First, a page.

Final Thoughts

Interactivity between the students in remote sites and the instructor and students on the main campus continues to be a problem. Taking a TV class is not an easy task for many learners, especially those who need high-context environments that include face-to-face, personal contact. But the students in remote sites who can learn in the environment imposed by TV and the Internet no longer have to be told to quit their day jobs and move to Salem. They can continue their difficult journey toward more skills in English and training-education that will equip them for more responsible, better-paying jobs.
Students build confidence in their abilities to solve complex problems, help others, and commuincate effectively with (at least one) native speaker. I used to think I was building confidence by saying, “This is easy. You can do this.” When the students found it difficult or impossible, the real message became, “Your skills [and by extension, you, yourself] are inadequate,” or “You must be stupid.” So I’ve changed to, “This is really tough, maybe impossible.” When one of the students gets it, and shares that with the others (I encourage this type of cooperation), that builds confidence.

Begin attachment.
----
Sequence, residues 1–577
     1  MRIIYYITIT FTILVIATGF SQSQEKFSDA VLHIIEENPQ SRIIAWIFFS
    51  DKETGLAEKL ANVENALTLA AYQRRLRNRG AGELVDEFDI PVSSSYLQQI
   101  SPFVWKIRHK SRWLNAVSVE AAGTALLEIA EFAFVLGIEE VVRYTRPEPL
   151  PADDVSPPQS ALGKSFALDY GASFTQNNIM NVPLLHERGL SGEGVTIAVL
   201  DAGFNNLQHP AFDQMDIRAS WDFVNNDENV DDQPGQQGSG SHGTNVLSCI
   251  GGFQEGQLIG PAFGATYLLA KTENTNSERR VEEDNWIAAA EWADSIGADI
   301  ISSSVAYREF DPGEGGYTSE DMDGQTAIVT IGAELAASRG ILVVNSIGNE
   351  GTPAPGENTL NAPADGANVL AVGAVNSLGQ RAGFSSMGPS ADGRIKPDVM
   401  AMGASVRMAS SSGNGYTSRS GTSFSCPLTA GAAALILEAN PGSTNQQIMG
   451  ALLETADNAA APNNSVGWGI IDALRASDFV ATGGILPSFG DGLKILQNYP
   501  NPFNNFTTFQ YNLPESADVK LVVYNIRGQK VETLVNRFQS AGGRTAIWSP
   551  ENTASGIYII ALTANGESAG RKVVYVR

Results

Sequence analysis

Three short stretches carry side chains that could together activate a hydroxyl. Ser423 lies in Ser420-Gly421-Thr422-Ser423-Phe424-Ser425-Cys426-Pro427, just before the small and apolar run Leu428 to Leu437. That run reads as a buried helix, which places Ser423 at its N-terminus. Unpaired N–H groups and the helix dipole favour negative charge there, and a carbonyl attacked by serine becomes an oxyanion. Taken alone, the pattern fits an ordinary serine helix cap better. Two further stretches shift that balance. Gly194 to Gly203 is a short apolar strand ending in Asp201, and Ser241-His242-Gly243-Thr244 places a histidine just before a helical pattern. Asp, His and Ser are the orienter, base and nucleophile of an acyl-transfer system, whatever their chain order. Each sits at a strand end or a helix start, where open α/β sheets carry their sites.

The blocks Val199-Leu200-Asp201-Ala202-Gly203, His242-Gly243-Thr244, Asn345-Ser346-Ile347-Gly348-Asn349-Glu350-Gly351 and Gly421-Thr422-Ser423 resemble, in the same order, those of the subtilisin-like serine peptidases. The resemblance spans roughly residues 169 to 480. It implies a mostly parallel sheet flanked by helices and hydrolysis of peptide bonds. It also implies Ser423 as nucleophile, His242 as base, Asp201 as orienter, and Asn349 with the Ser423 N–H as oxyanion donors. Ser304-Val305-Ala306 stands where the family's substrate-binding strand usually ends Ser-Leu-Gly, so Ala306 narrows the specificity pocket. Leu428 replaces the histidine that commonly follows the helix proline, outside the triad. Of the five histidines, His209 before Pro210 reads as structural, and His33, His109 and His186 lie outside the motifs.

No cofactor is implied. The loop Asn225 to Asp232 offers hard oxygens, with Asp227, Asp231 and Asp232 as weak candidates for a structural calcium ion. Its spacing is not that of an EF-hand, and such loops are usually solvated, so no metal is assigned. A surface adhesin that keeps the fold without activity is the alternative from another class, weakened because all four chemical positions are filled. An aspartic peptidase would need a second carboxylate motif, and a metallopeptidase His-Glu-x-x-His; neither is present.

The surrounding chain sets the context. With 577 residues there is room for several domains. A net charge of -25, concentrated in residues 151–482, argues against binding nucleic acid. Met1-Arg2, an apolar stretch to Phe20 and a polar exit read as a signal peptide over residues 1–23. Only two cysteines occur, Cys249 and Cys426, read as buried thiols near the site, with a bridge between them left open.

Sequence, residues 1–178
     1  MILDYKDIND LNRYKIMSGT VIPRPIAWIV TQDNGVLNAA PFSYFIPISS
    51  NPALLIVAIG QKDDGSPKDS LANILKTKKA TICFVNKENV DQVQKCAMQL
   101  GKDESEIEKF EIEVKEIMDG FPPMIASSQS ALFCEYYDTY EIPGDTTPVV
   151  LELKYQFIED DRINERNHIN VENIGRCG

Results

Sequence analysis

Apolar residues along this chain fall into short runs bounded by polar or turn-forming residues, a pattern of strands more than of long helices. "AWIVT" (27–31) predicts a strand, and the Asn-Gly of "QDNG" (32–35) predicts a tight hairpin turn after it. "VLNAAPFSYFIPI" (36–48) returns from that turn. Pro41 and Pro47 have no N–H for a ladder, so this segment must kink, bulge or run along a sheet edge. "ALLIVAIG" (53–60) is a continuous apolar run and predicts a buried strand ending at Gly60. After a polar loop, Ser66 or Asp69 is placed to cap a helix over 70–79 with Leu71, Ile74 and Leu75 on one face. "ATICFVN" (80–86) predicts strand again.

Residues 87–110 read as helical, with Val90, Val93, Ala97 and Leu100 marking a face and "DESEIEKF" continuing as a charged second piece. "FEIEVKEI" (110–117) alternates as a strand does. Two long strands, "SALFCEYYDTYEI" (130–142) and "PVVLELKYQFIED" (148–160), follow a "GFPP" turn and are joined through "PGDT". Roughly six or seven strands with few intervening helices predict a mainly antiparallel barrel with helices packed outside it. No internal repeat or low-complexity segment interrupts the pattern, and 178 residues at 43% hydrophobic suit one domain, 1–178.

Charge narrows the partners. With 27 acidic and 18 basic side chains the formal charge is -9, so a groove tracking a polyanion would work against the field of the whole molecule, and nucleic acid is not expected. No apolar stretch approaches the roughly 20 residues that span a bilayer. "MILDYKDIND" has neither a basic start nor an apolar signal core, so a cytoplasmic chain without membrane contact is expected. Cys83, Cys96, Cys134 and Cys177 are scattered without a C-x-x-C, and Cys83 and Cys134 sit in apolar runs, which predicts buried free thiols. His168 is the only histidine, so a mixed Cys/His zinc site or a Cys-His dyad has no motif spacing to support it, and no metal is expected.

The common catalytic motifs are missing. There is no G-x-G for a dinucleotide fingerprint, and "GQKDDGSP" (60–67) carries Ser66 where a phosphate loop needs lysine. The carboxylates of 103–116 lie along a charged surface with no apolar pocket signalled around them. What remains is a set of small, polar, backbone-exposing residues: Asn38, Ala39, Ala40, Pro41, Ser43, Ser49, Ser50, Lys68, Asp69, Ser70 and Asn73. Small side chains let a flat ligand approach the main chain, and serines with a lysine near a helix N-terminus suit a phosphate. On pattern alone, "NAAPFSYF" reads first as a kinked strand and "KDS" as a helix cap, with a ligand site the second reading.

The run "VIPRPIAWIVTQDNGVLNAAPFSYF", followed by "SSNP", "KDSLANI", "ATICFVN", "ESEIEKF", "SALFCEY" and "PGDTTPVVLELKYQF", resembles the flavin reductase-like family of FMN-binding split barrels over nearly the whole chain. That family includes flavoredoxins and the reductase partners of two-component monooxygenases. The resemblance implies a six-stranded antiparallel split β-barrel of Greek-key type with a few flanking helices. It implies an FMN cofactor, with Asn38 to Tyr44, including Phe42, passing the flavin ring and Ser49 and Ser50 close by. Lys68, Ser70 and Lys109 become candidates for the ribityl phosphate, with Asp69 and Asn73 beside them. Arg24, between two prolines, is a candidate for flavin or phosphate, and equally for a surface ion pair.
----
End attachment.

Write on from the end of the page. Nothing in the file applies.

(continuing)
I believe that my hidden agendas for the class are realized—reading becomes a pleasure, a guessing game; grammar becomes a tool, not a set of rules; and computers become doors to comprehensible input.

Teaching and learning culture

Written by: Desislava Zareva, New Bulgarian University
Nelly Yakimova, University of Sofia